Brain and Behavior

Frontal Control of the Limbic System

How does the frontal lobe control the limbic system?

The frontal lobe serves to control the limbic system. Correspondingly, thought serves to control emotion. The frontal lobe is richly connected to brain regions throughout the limbic system and many frontal lobe neurons that connect to limbic regions have inhibitory effects. Emotions are blunt instruments—they are very fast, but not very precise. The frontal lobe helps us refine our emotional responses; to ensure that our responses are proportional to the situation. This is done with the use of thought, by interjecting thought between emotion and response.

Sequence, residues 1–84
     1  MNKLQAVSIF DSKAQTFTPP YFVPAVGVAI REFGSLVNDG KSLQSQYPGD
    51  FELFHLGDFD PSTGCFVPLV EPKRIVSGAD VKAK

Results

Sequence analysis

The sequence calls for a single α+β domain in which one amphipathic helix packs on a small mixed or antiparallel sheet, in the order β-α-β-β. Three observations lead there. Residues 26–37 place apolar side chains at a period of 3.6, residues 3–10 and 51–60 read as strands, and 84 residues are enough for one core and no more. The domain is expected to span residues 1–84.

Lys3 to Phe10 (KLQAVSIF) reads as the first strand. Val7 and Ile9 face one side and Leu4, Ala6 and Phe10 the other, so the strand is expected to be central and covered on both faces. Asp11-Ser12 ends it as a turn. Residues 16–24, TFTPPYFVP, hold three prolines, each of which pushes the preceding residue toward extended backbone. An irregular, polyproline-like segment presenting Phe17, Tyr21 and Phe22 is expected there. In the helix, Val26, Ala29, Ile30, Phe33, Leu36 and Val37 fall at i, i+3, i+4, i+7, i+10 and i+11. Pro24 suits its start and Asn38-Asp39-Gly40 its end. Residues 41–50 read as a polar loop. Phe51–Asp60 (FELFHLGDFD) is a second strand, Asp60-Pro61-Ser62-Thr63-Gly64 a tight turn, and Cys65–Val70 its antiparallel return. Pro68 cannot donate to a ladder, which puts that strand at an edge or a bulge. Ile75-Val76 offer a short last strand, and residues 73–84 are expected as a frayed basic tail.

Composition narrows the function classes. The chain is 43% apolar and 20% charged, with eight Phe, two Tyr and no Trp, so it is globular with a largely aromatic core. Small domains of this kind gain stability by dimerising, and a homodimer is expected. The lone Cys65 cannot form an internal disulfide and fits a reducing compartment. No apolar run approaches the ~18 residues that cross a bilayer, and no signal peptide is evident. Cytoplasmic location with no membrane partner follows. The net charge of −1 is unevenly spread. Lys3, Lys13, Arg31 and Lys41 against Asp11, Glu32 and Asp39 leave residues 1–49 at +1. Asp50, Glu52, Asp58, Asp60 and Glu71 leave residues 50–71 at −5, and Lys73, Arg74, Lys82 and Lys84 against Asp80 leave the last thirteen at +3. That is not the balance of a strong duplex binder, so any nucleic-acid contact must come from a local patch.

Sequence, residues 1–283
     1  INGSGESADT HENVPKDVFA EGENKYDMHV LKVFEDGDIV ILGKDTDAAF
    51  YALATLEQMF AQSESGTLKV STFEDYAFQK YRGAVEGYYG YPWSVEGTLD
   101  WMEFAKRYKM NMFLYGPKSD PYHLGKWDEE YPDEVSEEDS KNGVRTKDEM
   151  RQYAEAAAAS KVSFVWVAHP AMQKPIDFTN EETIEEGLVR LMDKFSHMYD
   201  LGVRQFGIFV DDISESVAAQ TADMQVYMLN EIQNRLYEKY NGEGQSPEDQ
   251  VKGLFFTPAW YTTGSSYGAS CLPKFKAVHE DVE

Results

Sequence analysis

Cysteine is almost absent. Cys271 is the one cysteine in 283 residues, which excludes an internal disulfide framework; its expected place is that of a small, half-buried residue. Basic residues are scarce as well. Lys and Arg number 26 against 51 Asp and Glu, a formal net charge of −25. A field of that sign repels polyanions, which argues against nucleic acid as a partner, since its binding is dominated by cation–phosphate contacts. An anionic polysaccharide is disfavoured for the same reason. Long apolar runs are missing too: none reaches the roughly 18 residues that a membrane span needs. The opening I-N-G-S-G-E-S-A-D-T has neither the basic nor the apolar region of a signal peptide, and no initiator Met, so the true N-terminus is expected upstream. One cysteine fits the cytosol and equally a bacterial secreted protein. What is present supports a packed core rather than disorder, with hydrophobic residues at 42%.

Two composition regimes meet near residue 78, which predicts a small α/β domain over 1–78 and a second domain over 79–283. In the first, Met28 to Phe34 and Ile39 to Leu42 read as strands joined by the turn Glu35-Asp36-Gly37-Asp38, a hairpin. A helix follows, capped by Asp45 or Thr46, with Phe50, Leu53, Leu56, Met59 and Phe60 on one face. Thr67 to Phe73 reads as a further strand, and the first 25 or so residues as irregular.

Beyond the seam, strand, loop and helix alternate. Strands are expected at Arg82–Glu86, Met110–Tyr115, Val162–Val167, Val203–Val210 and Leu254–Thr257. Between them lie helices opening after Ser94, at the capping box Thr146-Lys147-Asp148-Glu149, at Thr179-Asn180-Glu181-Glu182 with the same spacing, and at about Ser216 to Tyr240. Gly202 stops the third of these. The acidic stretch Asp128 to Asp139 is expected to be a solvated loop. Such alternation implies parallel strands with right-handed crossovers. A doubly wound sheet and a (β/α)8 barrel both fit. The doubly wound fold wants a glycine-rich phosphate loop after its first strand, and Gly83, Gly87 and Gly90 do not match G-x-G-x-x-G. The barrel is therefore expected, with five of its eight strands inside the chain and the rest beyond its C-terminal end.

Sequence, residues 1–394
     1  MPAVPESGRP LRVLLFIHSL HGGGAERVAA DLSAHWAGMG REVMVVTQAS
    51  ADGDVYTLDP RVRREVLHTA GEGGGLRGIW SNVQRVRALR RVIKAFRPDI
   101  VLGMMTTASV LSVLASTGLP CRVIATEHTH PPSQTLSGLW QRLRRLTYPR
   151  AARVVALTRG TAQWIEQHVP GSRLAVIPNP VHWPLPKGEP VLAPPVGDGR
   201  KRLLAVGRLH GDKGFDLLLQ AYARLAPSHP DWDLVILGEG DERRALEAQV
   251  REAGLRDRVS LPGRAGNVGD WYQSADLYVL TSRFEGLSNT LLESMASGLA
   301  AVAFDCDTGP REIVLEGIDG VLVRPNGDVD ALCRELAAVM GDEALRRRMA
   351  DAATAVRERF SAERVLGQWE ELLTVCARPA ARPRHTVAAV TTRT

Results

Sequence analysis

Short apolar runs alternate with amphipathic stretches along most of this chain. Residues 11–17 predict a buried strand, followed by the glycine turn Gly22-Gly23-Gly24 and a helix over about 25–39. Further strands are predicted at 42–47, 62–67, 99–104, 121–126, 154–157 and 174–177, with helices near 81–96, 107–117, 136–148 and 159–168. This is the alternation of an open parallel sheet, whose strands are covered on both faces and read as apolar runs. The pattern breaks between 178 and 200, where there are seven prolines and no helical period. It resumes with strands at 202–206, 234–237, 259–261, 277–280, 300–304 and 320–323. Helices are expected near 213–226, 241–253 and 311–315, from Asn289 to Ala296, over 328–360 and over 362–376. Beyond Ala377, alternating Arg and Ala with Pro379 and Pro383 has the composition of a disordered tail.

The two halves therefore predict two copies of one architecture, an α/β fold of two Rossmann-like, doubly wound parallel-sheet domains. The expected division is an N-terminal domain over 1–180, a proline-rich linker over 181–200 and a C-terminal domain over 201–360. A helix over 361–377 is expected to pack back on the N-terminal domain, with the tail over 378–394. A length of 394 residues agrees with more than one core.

Sometimes cognitive analysis of the situation may increase the emotional response. Think of the times when your initial response to a situation was muted but then escalated the more you thought about what happened. On the other hand, cognitive analysis frequently serves to dampen the emotional response by helping the individual consider the consequences of acting on emotions. (If I punch him, he might punch back. If I quit my job, I won’t be able to pay my rent.) Cognition also helps people consider alternative explanations for a situation. (Hmmm, maybe this wasn’t an insult. Maybe he just didn’t see me.)


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